I tend to be something of a pantser when it comes to writing. I don’t plan too far in advance, and prefer to let the story find me. So I really had noooo idea where the series would go or how it would end, especially back in 2012. But I did go into writing the third book knowing the body count would be high. Last book in the series. All bets are off. No one = safe. And that conception turns out to be pretty spot-on.

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One of the UK’s most acclaimed sci-fi artists, Jim Burns is the winner of the prestigious Hugo award for art and has more British Science Fiction Awards than any other writer or artist. His erotically charged work is lauded across the universe.

Jim was very gracious in answering a few of my questions about his new collection, Hyperluminal (Titan), his influences, and much more!

Kristin Centorcelli: Will you tell us a bit about your new collection, Hyperluminal?

Jim Burns: I seem to produce a collection of one sort or another about once a decade…so the time was ripe! My agent, Alison Eldred felt one was overdue also – and proposed the book – along with ‘companion volumes’ by Ian Miller, John Harris and Fred Gambino to Titan – who eventually decided to go with the idea. Thank you Titan!

The book is essentially an overview of my 42 years in the business of producing science fiction and fantasy art, mostly for the book jacket market – but also some small ventures into the movies – which I touch on briefly – and also the world of private commissions – something that has become much more important to me in the last few years and is slowly replacing my commercial work. There are a number of personal pieces represented also…again something I’m finding more time for these days.

I also wrote all the text for the book (apart from the foreword graciously contributed by Joe Haldeman) – aiming at a sort of anecdotal style which I hope shines a light on the kind of life a science fiction artist lives!
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[Do you have an idea for a future Mind Meld? Let us know!]

With Thanksgiving a few weeks away, we thought it was the perfect time to ask our esteemed panel the following question…

Q: What are you thankful for in the speculative genres this year?

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Author Gail Carriger writes comedic steampunk mixed with urbane fantasy. Her Parasol Protectorate books, their manga adaptations, and the first two books in her YA Finishing School seriesabout Victorian girl spies were all New York Times bestsellers. Her newest book, Waistcoats & Weaponry, is out November 4th. She was once a professional archaeologist and is overly fond of tea.

Gail was kind enough to answer some questions about her latest novel and writing in general. So pour yourself some tea, button that waistcoat, and let’s get started!

Rachel Cordasco: Waistcoats & Weaponry is the third book in your young adult steampunk Finishing School series: can you give us an overview of this latest installment and explain how it fits into the series as a whole?

Gail Carriger: In this book Sophronia and her friends finally get to spend time away from their school, putting all their newly leaned spy skills to good use. There is a train heist, an accidental kidnapping, a renewal of old acquaintances ­(not all of them welcome) and, finally, some serious flirting. Also, I suspect someone throws food at someone else ­– in my books, they usually do.
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Karina Sumner-Smith is a fantasy author and freelance writer. Her debut novel, Radiant, was published by Talos/Skyhorse in September 2014, with the second and third books in the trilogy following in 2015.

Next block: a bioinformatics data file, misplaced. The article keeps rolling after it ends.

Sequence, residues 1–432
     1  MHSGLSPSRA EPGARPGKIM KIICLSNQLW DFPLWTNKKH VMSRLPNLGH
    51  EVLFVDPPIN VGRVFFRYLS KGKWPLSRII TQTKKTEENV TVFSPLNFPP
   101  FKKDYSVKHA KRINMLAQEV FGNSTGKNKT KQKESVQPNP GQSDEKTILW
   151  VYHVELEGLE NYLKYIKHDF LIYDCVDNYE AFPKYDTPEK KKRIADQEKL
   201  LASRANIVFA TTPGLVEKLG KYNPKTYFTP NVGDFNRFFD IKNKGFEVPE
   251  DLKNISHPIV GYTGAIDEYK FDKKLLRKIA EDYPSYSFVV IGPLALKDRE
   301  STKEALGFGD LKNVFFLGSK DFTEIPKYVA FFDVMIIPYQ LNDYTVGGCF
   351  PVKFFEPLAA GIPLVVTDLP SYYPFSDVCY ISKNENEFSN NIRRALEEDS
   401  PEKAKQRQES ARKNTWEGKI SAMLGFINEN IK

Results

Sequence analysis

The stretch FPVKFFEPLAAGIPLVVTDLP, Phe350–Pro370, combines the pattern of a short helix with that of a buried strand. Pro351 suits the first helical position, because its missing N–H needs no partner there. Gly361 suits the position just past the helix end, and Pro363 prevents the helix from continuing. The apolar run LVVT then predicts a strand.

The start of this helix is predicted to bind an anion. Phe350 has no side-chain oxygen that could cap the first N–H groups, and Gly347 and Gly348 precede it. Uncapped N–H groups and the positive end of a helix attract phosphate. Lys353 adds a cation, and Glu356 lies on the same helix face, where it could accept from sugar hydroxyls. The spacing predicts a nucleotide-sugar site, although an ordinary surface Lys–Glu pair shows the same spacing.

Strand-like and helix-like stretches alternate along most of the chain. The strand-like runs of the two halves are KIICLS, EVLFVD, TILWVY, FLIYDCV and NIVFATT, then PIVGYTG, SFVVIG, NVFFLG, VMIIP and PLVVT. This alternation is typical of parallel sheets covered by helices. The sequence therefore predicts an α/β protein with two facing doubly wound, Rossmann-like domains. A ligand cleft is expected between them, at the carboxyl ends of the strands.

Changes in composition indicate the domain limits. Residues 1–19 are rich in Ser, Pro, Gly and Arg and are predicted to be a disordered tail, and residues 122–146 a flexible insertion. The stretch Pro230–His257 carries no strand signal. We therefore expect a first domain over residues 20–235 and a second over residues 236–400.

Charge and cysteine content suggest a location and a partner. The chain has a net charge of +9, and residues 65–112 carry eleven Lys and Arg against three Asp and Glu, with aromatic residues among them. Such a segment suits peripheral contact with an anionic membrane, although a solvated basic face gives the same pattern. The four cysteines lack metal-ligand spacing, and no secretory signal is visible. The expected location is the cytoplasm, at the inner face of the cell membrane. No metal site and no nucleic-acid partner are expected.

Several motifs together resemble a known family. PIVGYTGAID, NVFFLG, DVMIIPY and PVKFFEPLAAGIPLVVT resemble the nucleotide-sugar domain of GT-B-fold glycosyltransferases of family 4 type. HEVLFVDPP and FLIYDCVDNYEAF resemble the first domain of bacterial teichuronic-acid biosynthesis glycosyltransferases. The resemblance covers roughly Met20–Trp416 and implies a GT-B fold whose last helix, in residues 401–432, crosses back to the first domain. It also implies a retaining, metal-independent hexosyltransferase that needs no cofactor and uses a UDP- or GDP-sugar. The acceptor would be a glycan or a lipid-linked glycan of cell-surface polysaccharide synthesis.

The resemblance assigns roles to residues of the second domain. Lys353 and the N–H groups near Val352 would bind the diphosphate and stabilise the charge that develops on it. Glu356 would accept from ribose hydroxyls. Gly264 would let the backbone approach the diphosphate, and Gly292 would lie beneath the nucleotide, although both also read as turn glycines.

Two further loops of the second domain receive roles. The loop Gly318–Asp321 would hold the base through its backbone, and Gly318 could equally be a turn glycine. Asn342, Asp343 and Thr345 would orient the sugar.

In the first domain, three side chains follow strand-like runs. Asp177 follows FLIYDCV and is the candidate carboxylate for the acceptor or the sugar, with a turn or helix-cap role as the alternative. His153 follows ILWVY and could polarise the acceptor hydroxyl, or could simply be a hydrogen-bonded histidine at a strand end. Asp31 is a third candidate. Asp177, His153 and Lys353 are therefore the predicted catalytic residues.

Prior to focusing on novel-length work, Karina published a range of fantasy, science fiction and horror short stories, including Nebula Award nominated story “An End to All Things,” and ultra short story “When the Zombies Win,” which appeared in two Best of the Year anthologies.

Though she still thinks of Toronto as her home, Karina now lives in a small, lakefront community in rural Ontario, Canada, where she may be found lost in a book, dancing in the kitchen, or planning her next great adventure.

Karina was kind enough to answer a few questions about her brand new book, Radiant, and much more!
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INTERVIEW: Chase Novak, Author of BROOD

CHASE NOVAK is the pseudonym for Scott Spencer, the author of ten novels, including Endless Love, which has wold more than two million copies, and the National Book Award finalist A Ship Made of Paper.

Brood, the sequel to his horror gem Breed, just came out and Scott, er, Chase, kindly answered a few of my questions!
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Project Hieroglyph contributors Cory Doctorow and Neal Stephenson and CSI director Ed Finn appeared at Town Hall Seattle on October 26, in an event titled “Reigniting Society’s Ambition with Science Fiction.”

Here’s the video from that event.

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John Klima, editor of Glitter & Mayhem and many other Science Fiction anthologies, joins John Anealio and Patrick Hester this week on The Functional Nerds Podcast.

Listen below, or at The Functional Nerds, or subscribe to The Functional Nerds Podcast through iTunes.

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Jody Wallace grew up in the present day United States in a very rural area. Okay, not present day, but, you know, in the past couple of decades. She went to school a long time and ended up with a Master’s Degree in Creative Writing and loafing. Her meatloafs, in particular, are stellar. Her resume includes English instructor, technical documents editor, market analyst, and general, all around pain in the butt. Ms. Wallace’s approach to writing is to tell as many outlandish lies as she can get her readers to swallow. That trait is really on display in her SFR (Science Fiction Romance) spoof, The Adventures of Mari Shu.